Accessible fonts and readability: the basics
Whether that’s on your website, in documents or in the graphics you share on social media. They are an important part of how visually accessible your information is.
It’s unlikely you’ll find a single best font for reading that will suit all your users’ needs. But some fonts are generally easier to read than others.
How font choice affects accessibility
The more readable your font is, the more likely it is that people reading your content can:
- understand your message
- get the information they need quickly
The accessibility of a font can vary with different needs. This can make it difficult to choose one single, ‘accessible’ font. Font choice can particularly affect people who have:
- a visual impairment
- low literacy
- learning difficulties
- conditions like Irlen syndrome that affect the way the brain processes visual information
Choosing your font
Best standard fonts for accessibility
The good news is, many common and standard system fonts are accessible. Here are some common fonts that are generally more readable than others:
- Times New Roman
- Century Gothic
Serif versus sans serif fonts
Experts disagree on whether sans-serif fonts are better than serif fonts for readability.
Serif fonts have decorative strokes at the end of each letter. These are sometimes called ‘feet’. An example of a serif font is Times New Roman.
Sans-serif fonts do not have ornate, decorative strokes. They are simpler and more stripped back. An example of a sans-serif font is Arial.
Research suggests serif and san-serif fonts work for different groups of people. It’s a common myth that all serif fonts are inaccessible.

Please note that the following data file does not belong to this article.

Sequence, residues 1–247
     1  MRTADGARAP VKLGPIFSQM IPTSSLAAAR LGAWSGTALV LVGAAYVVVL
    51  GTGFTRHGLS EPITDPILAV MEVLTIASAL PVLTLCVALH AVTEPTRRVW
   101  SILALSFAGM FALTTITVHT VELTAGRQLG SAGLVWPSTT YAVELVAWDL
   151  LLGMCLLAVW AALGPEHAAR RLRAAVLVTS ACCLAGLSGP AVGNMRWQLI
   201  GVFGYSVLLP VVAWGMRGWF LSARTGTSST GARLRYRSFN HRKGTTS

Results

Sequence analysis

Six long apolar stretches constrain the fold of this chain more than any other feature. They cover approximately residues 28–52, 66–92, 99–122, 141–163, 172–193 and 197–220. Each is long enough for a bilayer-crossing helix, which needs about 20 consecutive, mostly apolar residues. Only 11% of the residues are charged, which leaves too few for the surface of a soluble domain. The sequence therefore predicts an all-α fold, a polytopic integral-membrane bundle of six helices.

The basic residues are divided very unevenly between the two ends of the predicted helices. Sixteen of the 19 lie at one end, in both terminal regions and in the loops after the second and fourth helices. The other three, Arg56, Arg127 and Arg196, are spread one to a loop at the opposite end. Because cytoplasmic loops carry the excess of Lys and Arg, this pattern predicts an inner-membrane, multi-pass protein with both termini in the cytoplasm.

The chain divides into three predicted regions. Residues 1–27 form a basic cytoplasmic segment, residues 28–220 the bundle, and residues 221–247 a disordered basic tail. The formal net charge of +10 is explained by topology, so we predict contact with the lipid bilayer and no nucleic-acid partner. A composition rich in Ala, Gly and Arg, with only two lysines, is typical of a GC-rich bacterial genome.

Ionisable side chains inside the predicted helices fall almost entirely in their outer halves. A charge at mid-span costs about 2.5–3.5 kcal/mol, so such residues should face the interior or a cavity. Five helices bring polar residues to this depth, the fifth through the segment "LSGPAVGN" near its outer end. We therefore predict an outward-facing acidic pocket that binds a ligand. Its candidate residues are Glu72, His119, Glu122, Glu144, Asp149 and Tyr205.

Some serif fonts (like Times New Roman) are popular for a reason. Partly because they are familiar. But also because they can improve readability for certain users. This is because the added strokes can make the characters more distinct.
What makes a font accessible?
If you want to choose a font that’s accessible to a wide audience, look for the following:
Simplicity and familiarity
Fonts with simple, familiar shapes are generally easier to read.
This is because most people scan through text quickly when they read. Without needing to read individual letters or words.
Fonts that are very elaborate or ornate can be difficult to read or see clearly. Even if you’re using them sparingly as headings. This is because the letter shapes are not well-defined or regular in shape and size. These irregularities mean we have to pause to examine and process the characters. This particularly applies to handwriting and script-style fonts.
Each character looks distinct from one another
When certain characters look similar, the brain has to work harder. This can affect reading speed and comprehension.
Some font families use practically identical letter shapes for different characters. These are sometimes called ‘imposter’ letter shapes. An example of a font that does this is Gill Sans. The upper case “i”, lower case “l” and the number “1” look the same next to one another.
This can also occur with “e”, “c” and “o” characters. Depending on the font, and how narrow the openings are in the “e” and “c” letter shapes, these can all look very similar.
Instead, choose a font with distinct features on these characters. Some good examples of fonts with more defined letter shapes are Tahoma and Verdana.
Letters do not mirror one another
Similarly, some characters look the same when you flip them horizontally. For example, “d” and “b” and “p” and “q”. This is also known as ‘mirroring’.
Often designers use mirrored letter shapes for consistency and to speed up the design process. But this can cause some barriers for certain readers. Particularly for some people with dyslexia who may prefer unique character shapes.
Examples of fonts that do not use mirrored letter shapes include:
- Times New Roman
Enough spacing between characters
Letter spacing is another important factor in font accessibility. Every font has different widths. And some fonts have less spacing between characters by default.